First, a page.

The Supreme Court issued its decision on Thursday, July 1, on the controversial Arizona voting restrictions that could make it more challenging for minorities to cast a ballot. The ruling was 6-3, along political, ideological lines. Justice Samuel Alito wrote the decision for the majority. According to the Supreme Court conservative justices, both provisions of the Arizona voting law do not violate the 1965 Voting Rights Act, which bans voting regulations that result in racial discrimination, upholding both limitations.
In the decision, Justice Alito wrote that just because voting may be “inconvenient for some” doesn’t mean that access to voting is unequal. He continued, “the mere fact that there is some disparity in impact does not necessarily mean that a system is not equally open or that it does not give everyone an equal opportunity to vote.”
A law professor at the University of California and leading expert of voting rights, Richard Hasen, shared with NPR, “Justice Alito was trying to turn back the clock on voting rights many decades.” Hasen continued, “I think it’s fair to say that all of the major paths to challenging voting rules in federal court have been severely cut back.”
Arizona’s Voting Law Limitations
According to the decision by the Supreme Court, two provisions of an Arizona voting law do not violate the 1965 Voting Rights Act. One bans the collection of absentee ballots by anyone who was not a direct relative or a person providing care. Arizona officials instructed Supreme Court justices that “prohibiting unlimited third-party ballot harvesting is a commonsense means of protecting the secret ballot.”
Opponents to this limitation argue that ballot collectors are necessary for some large, remote and rural areas in Arizona. For example, in the case of the Navajo Nation, ballot collectors are used due to the large nature of the area, which has few postal routes, few post offices and few people with cars. These voters often have very few options for returning their ballots. The Navajo Nation is roughly the size of West Virginia.
Other states have enacted limitations on who can collect ballots when fraudulent practices have been uncovered. In the case of Arizona, the 9th Circuit Court found no evidence of fraud in the electoral system.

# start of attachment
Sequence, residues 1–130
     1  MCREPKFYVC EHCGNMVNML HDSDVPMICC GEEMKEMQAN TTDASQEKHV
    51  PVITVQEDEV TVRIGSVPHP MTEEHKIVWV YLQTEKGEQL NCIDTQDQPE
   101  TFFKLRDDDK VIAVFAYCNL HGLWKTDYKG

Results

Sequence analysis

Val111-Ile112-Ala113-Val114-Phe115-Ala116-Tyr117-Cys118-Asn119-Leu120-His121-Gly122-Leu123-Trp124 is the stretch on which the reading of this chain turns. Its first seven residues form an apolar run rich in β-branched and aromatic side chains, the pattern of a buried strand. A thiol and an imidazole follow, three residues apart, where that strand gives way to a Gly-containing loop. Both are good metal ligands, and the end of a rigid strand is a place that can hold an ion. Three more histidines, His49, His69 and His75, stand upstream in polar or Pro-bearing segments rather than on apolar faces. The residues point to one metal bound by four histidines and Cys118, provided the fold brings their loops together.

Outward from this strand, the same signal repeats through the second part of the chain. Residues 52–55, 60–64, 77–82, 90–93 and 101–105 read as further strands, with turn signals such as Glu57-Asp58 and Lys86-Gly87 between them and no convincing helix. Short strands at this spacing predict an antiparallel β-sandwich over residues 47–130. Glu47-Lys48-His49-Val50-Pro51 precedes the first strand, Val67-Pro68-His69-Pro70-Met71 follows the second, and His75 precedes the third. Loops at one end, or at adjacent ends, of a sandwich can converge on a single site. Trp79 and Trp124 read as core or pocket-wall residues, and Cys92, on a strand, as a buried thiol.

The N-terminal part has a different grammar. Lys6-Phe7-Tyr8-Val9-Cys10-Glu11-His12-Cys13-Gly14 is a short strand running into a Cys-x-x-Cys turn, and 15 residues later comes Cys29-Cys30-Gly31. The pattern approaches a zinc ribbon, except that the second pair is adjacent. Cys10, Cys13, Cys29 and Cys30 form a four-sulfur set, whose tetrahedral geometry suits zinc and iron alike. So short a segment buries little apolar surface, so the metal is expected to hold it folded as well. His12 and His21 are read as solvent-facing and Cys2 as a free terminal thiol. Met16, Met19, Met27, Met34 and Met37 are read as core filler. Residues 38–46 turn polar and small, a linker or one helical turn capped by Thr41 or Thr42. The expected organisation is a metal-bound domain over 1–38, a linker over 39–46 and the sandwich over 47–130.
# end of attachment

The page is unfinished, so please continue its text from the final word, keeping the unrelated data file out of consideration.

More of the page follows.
The second limitation on Arizona’s election laws rejects ballots cast in the wrong precinct. In scenarios where this applies, voters who go to the incorrect precinct would be directed to the correct precinct but permitted to cast a provisional ballot at the incorrect precinct. This limitation was established to prevent people from voting multiple times.
Opponents to this limitation argue that it directly targets those who may vote at an incorrect precinct for their address. Minorities are known to move frequently, and opponents argue that when minorities move, they may not know the location of their new precinct. Should they vote at an incorrect precinct, their ballot would be destroyed instead of being counted.
Supreme Court Ruled on Voting Rights Act in 2013
In 2013, the Supreme Court struck down Section 4(b) in Shelby County, Alabama v. Holder, Attorney General, et al., ruling that Section 4(b) was unconstitutional. This section of the Voting Rights Act determines which parts of the country must receive pre-clearance before election laws can be changed.
“Section 4’s formula is unconstitutional in light of current conditions,” Chief Justice John Roberts wrote in the decision at the time. “Coverage today is based on decades-old data and eradicated practices.” It is important to note that the formula used relies on election data from 1972.
Section 5 was also at play. It is part of the Voting Rights Act that allows areas with a history of racial discrimination to receive pre-clearance from the Department of Justice (DOJ) or a federal court before changing any voting law. Because the Supreme Court did not rule on Section 5, the DOJ still has the authority to decide which areas require preclearance when changing election laws.
What’s Next For Voting Rights?
Experts believe that several Republican-led states are considering more restrictive election laws. Several of these states are encouraged by unfounded claims of widespread voter fraud during the 2020 Presidential election where former President Donald Trump was unseated. Like Arizona, Democrats are fighting court battles in Georgia and Texas to attempt to reduce voting restrictions. Should these states be successful at changing election laws, more Republican-led states may consider additional limits on election laws.
In June 2021, the Brennan Center for Justice reported that 389 new voting laws had been proposed in 48 states since the 2020 presidential election. Out of a potential 389 new voting laws, 22 have been enacted. These 22 new laws were enacted in 14 different states.
As the country continues to become polarized, more states are exploring changing and updating election laws. Depending on which political party is in charge of the state, restrictions and lifting of restrictions are possible.